Extracting data from Jenkins



In Part I,  Information Radiators, I covered what they are, what the main benefits are, and the approach I usually use to set them up. This post goes in to more technical detail on how I extract this data from Jenkins.

My usual setup/architecture for Jenkins Information Radiators goes something along these lines:

  • TV screens running Mozilla Firefox or Google Chrome in Kiosk Mode, and Tab Mix Plus set up to rotate tabs (if required)
  • JSP Pages served via Tomcat on Linux server (which also runs the data extracting script described below)
  • MySQL database on Linux server – contains tables with data pulled from Jenkins and other sources, and the config data too (which URL’s to monitor)

And you’ll need some Jenkins instances/jobs to monitor too, obviously 🙂

The Jenkins XML API is very useful for automating tasks like this – if you simply append “/api/xml” to a
Jenkins job URL, it will serve up an XML version – note there is also a JSON API and a CLI and plenty of other options, but I’m using what suits me.

The Jenkins XML API

For example, if you go to one of your Jenkins jobs and add /api/xml like this:


you should get back some XML, possibly roughly like this example:

<?xml version="1.0"?>
 <shortDescription>Started by timer</shortDescription>
 <fullDisplayName>MyJob #580</fullDisplayName>

That XML contains loads of very useful information inside handy XML tag descriptions – you just need a way to get at that data and then you can present it as you like…

XPAth queries and the Jenkins XML API

so to automate that, I used to extend that approach a to query Jenkins via the XML API using XPAth queries to bring back just the data I actually wanted, quite like querying a database.

For example, wget’ing this URL would return just the current value of the <building> tag in the above XML:


e.g. “true” or “false” – this was very useful and easy to do, but the functionality was removed/disabled in recent versions of Jenkins for security reasons, meaning that my processes that used it needed rewritten 🙁

Extracting the data – Plan B…

So, here’s the new solution I went for – the real scripts/methods do some error handling and cleaning up etc but I’m just highlighting the main functions and the high level logic behind each of them here;

get_url’s method:

query a table in MySQL that contains a list of the job names and URL’s to monitor
for each $JOB_NAME found, it calls the get_file method, passing that the URL as a parameter.

get_file method:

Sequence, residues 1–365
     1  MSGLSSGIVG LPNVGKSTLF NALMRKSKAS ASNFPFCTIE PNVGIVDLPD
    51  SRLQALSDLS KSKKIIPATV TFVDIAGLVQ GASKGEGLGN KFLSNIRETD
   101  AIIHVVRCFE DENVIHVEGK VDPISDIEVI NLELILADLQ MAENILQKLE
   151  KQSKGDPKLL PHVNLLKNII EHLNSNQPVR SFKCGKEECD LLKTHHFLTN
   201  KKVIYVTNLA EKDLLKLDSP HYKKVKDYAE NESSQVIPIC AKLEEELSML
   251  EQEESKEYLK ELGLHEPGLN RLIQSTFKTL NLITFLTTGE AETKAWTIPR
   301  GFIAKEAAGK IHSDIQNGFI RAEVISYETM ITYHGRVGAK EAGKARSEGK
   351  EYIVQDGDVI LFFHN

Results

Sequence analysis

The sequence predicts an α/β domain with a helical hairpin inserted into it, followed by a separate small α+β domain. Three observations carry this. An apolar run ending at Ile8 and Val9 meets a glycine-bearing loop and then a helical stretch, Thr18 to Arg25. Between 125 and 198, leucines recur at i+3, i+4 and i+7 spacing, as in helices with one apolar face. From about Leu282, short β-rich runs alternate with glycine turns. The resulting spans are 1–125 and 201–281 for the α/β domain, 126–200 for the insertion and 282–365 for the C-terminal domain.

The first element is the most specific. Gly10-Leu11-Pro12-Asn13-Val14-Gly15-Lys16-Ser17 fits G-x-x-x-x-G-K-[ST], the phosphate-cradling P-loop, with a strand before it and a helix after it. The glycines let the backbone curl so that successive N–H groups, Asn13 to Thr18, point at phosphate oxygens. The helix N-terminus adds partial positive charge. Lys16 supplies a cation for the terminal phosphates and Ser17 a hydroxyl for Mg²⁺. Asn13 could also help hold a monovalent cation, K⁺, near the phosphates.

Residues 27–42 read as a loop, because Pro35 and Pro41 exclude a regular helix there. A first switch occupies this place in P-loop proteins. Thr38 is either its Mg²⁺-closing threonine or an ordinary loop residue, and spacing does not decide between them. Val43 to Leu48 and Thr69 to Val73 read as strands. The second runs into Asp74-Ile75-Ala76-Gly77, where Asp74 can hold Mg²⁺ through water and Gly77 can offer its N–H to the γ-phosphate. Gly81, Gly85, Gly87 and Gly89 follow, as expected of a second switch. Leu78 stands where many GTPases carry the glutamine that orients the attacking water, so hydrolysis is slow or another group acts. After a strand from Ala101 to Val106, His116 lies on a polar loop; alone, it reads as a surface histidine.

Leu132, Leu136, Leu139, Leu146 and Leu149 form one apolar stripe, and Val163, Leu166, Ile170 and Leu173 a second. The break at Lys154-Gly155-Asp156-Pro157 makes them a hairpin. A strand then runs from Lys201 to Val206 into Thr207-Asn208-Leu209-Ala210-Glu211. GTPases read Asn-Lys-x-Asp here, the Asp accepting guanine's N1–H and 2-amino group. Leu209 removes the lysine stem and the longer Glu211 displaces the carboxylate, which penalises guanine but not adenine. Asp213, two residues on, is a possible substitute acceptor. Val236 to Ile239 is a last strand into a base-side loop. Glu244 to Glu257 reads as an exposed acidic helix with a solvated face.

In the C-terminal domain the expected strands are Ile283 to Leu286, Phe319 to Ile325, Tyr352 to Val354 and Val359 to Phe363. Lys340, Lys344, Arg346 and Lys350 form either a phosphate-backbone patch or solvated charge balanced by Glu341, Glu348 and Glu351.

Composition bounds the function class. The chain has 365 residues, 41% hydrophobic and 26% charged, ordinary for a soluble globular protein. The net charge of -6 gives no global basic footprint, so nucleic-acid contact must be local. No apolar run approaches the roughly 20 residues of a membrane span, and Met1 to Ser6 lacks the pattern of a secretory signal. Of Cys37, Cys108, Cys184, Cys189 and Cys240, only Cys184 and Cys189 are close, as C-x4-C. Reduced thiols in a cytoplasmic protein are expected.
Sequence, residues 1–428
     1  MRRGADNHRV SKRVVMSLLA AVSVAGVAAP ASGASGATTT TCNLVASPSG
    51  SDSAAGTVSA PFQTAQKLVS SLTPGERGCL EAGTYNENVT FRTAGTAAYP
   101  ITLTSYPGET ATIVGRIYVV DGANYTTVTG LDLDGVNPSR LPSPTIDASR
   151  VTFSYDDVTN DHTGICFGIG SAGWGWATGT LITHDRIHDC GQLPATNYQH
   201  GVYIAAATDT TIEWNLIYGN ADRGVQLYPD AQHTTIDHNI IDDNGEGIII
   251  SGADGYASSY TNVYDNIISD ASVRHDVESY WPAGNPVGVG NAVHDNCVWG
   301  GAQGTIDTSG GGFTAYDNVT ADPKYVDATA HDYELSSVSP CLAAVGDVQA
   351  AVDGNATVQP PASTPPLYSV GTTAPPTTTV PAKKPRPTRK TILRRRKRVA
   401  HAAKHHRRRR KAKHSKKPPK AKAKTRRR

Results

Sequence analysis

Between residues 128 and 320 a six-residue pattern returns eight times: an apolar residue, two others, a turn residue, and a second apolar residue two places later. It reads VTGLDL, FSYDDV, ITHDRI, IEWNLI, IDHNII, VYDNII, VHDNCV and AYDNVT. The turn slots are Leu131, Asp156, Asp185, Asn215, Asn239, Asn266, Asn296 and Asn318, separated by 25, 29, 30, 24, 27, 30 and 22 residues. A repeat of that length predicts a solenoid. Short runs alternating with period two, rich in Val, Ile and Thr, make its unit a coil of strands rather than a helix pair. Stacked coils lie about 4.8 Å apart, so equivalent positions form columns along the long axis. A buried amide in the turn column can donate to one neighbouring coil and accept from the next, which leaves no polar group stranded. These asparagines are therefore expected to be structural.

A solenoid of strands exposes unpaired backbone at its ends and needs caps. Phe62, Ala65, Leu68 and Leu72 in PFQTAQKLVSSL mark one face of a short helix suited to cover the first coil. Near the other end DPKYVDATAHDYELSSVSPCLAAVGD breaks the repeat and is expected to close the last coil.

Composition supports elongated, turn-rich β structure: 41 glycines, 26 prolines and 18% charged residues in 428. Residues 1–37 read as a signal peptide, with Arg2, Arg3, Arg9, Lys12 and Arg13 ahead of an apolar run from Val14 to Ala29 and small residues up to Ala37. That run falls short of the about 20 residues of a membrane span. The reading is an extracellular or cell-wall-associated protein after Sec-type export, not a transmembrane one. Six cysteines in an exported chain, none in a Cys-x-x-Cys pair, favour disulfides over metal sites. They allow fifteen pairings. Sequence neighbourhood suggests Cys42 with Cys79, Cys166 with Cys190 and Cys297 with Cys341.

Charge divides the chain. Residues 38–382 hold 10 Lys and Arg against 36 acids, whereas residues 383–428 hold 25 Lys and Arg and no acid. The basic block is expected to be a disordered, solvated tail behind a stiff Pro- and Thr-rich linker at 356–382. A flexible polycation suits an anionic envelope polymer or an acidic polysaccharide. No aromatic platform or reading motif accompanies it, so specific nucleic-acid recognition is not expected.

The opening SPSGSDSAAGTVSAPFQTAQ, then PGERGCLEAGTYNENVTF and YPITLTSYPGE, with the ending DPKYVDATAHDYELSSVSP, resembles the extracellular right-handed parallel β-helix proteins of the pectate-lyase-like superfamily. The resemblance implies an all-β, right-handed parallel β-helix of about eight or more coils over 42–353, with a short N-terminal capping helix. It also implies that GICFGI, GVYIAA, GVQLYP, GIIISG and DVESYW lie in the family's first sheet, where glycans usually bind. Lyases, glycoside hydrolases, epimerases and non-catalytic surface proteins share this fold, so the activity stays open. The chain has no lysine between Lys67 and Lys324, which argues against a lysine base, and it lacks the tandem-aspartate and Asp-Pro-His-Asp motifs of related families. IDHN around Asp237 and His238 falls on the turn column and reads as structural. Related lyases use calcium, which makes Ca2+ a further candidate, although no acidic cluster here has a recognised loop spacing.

this takes a URL param, and uses curl to fetch and save the XML data from that URL to a temporary file (“xmlfile”):

curl -sL "$1" | xmllint --format - > xmlfile

Note I’m using “xmllint –format” there to nicely format the XML data, which makes processing it later much easier.

get_data method:

this first calls “get_if_building” (see below) to see if the job is currently running or not, then it does:

 if [[ "$IS_BUILDING" == "$TRUE_VAR" ]]; then
 RESULT_TEXT=`grep "result>" xmlfile | awk -F\> '{print $2}' | awk -F\< '{print $1}'`

get_if_building method:

this simply checks and sets the IS_BUILDING var like so:

IS_BUILDING=`grep building xmlfile | awk -F\> '{print $2}' | awk -F\< '{print $1}'`

Putting it all together

My script then updates the MySQL database with the results from each check: success/failure, date, build number, user, change details etc

I then have JSP pages that read data from that table, and translate things like true/false in to HTML that sets the background colours (Red, Amber, Green), and shows the appropriate blocks and details per job.

If you have a few browsers/TV’s or Monitors showing these strategically placed around the office, developers get rapid feedback on the result of their code changes which speeds up development, increases quality and reduces development time and costs – and they can be fun to watch and set up too 🙂



5 thoughts on “Extracting data from Jenkins”

  1. Hello
    Excellent post. I have a question.
    You spoke about querying a database in the get_url’s method:

    query a table in MySQL that contains a list of the job names and URL’s

    How did you get the job names into the database meaning where they queried from the XML file and placed into the database?

    Do you have the code you used available?

    1. Hi Randy,

      Thanks! Yes, that’s how I set this up – I only wanted to report on a few crucial jobs, so adding the URL’s to a database enabled me to control which jobs to monitor, by also including a boolean column (called MONITOR in my case) for each entry in the database table. There was another web page that allowed setting of the boolean value, which I think was changed per Sprint or Release.

      I can’t find the code, but I set up another Jenkins job that fetched a list of all job URL’s and names – this is available from http://yourjenkinsserver:8080/api/xml

      That data was formatted using “xmllint” (as described above) then grep’d for each “url” element, before being ‘replaced’ in to the MySQL table, so new options were added and existing ones were left with their MONITOR setting untouched.

      My JSP pages effectively did a “select URL from JENKINSJOBS where MONITOR=’true’;”. This suited my needs at the time, but there are obviously many other ways to do this.

      Hope that makes sense!



Leave a Reply